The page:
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Publication numberUS6984983 B2
Publication typeGrant
Application numberUS 10/159,216
Publication dateJan 10, 2006
Filing dateMay 31, 2002
Priority dateMay 31, 2002
Fee statusPaid
Also published asCA2427196A1, CA2427196C, US20030222651
Publication number10159216, 159216, US 6984983 B2, US 6984983B2, US-B2-6984983, US6984983 B2, US6984983B2
InventorsJacques R. Tabanou
Original AssigneeSchlumberger Technology Corporation
Export CitationBiBTeX, EndNote, RefMan
External Links: USPTO, USPTO Assignment, Espacenet
System and method for evaluation of thinly laminated earth formations
US 6984983 B2
Abstract
A unique means in interpreting anisotropic reservoirs in thinly laminated earth formations regardless of the hole deviation is provided. A high-resolution micro-resistivity formation measurement is used to estimate in real time at the well site the formation anisotropic electrical parameters oriented around the borehole drilled with a conductive fluid. Estimations of the formation anisotropy or hydrocarbon profile are compared and combined with indicators associated with the formation to provide improved evaluations of hydrocarbon content over conventional methods.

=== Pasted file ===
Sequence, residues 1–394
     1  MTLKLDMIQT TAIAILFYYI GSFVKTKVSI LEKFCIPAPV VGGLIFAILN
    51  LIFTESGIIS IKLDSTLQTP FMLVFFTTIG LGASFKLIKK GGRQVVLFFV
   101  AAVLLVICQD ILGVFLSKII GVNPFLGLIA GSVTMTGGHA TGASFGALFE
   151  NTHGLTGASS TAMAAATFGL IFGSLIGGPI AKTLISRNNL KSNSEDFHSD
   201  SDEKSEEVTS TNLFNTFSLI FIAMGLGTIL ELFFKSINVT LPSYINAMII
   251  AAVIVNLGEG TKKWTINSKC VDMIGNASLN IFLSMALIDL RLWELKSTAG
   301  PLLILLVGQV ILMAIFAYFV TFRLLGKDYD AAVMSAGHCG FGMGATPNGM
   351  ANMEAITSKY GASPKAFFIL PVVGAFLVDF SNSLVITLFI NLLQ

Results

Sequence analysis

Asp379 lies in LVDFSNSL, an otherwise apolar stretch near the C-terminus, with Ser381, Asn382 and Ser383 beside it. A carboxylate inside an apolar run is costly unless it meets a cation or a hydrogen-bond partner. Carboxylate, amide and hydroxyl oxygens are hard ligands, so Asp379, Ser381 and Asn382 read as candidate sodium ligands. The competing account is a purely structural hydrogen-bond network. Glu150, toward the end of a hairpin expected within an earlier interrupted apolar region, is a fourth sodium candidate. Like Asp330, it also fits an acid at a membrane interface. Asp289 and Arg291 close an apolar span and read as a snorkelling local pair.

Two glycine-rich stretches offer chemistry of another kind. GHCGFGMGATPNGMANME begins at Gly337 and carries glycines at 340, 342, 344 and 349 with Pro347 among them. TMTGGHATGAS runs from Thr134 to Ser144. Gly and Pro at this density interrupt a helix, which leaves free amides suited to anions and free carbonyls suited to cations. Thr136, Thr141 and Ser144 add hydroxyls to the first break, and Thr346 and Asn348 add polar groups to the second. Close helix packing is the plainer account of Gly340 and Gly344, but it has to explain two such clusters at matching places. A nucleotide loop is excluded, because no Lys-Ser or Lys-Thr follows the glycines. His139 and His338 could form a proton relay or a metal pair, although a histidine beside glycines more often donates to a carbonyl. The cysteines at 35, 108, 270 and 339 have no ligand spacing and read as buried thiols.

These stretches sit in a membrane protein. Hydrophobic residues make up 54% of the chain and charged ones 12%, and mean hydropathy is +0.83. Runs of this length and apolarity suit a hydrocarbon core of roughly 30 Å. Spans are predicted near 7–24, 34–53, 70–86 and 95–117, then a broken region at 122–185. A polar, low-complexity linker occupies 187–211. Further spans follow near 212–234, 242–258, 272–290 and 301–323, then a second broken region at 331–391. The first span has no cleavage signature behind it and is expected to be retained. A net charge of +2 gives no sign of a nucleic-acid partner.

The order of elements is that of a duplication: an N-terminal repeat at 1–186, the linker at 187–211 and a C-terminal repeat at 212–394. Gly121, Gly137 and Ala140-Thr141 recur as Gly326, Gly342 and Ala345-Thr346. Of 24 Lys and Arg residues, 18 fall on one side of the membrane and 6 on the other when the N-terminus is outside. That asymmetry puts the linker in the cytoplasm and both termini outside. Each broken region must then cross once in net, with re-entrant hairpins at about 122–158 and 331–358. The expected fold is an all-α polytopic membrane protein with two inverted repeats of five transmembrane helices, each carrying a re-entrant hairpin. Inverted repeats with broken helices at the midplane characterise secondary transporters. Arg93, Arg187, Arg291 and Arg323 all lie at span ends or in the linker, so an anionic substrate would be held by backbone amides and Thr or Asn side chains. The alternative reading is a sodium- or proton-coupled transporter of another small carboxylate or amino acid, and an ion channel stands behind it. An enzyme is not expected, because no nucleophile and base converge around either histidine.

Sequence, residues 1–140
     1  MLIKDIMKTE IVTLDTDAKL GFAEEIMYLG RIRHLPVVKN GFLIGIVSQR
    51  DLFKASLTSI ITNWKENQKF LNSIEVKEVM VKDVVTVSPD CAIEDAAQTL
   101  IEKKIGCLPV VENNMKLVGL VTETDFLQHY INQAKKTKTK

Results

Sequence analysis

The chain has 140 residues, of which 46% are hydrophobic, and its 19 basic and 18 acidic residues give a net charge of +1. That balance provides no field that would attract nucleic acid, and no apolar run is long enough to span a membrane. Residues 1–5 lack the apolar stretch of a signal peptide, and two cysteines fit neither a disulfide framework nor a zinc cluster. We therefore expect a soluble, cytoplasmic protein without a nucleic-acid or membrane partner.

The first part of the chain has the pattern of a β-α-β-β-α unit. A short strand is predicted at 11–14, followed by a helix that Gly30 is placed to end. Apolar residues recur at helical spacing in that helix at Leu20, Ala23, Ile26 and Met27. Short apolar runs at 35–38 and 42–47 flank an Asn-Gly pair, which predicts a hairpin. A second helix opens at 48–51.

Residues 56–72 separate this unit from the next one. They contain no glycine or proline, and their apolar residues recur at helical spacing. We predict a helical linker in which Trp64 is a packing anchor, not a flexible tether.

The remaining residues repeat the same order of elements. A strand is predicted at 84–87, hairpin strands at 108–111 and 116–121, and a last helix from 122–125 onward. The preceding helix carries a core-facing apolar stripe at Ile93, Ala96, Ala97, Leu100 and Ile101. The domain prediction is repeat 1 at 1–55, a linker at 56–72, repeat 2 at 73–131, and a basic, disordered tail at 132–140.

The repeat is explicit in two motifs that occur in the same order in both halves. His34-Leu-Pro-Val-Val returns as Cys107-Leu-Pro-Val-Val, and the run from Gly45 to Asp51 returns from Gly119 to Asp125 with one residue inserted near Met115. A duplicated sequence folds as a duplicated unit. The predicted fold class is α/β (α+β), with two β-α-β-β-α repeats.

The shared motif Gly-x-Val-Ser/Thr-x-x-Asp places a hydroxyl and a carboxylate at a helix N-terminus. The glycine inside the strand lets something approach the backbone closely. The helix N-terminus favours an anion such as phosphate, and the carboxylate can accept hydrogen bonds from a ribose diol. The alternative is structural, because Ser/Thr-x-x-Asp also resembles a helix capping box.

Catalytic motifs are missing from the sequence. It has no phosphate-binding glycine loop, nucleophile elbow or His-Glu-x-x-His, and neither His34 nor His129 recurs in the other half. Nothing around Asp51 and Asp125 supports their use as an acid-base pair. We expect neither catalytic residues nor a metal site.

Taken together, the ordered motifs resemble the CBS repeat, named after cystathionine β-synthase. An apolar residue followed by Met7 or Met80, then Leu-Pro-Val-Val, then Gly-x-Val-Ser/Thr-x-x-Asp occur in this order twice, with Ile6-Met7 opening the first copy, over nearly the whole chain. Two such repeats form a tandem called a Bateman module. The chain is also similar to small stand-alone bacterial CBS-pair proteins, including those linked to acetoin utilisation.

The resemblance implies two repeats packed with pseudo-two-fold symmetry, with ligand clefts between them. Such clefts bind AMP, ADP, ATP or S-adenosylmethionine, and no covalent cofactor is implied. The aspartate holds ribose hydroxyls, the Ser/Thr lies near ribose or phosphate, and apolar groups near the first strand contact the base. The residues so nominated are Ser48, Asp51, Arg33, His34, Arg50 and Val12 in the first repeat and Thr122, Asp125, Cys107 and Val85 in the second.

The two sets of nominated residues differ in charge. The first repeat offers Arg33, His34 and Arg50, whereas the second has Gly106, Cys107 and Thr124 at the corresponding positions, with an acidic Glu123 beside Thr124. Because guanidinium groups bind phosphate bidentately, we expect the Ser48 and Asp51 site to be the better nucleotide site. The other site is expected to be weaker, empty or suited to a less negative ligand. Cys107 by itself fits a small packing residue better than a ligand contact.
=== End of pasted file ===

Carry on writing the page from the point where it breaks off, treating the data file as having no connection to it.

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Claims(31)
1. A method for evaluating a thinly bedded earth formation traversed by a borehole to determine the formation anisotropy or hydrocarbon profile, comprising:
(a) with the borehole containing a substantially non-conductive fluid, injecting a current into the formation and measuring a signal associated with the current at the wall of said borehole to determine a resistivity parameter of said formation;
(b) calculating a resistivity value Rh parallel to the beds and a resistivity value Rv perpendicular to the beds of the formation using the determined resistivity parameter; and
(c) determining the anisotropy or hydrocarbon profile using the calculated parallel resistivity value Rh and perpendicular resistivity value Rv.
2. The method of claim 1, wherein the measured signal associated with the current at the wall of the borehole consists of a voltage.
3. The method of claim 1, further comprising determining the invasion of the substantially non-conductive fluid into said formation.
4. The method of claim 1, wherein said method is performed during or after drilling of said borehole.